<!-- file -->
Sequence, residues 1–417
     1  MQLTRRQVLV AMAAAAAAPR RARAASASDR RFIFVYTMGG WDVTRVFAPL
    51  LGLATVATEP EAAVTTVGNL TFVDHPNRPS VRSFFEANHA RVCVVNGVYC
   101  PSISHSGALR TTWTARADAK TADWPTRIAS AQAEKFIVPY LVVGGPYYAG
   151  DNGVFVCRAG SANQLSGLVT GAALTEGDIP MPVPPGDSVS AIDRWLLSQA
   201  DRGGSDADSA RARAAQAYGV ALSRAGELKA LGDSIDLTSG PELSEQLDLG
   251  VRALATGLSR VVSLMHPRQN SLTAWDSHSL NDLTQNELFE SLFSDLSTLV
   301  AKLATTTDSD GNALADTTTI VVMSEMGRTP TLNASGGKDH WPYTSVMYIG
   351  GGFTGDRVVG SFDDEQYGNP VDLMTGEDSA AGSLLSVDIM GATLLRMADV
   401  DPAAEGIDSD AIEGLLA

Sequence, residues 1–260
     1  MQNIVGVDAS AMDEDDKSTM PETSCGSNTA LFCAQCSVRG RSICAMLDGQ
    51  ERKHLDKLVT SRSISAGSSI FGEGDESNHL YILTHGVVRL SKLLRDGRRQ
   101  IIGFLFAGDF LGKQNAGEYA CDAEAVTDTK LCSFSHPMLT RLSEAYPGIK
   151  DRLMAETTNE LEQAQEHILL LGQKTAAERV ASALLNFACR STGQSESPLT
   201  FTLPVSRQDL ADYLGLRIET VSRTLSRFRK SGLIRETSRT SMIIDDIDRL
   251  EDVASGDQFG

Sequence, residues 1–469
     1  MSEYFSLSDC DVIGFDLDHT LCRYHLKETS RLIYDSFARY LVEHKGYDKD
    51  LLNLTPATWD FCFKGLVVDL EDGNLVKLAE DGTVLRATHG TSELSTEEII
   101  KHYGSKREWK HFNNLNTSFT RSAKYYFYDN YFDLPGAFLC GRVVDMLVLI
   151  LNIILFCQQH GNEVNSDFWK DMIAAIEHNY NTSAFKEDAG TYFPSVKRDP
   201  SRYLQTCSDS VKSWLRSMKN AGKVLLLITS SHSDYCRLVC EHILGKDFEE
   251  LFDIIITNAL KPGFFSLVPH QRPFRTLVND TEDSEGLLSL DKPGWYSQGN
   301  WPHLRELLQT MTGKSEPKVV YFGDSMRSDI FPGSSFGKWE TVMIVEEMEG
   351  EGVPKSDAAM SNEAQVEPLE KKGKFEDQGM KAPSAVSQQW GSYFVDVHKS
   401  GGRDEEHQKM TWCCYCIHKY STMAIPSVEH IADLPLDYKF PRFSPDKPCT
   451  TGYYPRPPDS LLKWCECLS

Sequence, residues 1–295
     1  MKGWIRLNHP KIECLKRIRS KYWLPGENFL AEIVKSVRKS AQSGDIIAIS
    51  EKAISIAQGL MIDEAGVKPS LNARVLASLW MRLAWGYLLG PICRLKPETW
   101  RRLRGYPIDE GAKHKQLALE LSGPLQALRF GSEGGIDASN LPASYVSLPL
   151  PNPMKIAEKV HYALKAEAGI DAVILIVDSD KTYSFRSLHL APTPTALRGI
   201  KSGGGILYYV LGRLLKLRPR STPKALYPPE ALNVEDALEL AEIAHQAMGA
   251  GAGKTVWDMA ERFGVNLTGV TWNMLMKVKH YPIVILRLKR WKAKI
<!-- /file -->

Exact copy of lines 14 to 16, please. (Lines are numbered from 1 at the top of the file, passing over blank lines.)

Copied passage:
   101  IIGFLFAGDF LGKQNAGEYA CDAEAVTDTK LCSFSHPMLT RLSEAYPGIK
   151  DRLMAETTNE LEQAQEHILL LGQKTAAERV ASALLNFACR STGQSESPLT
   201  FTLPVSRQDL ADYLGLRIET VSRTLSRFRK SGLIRETSRT SMIIDDIDRL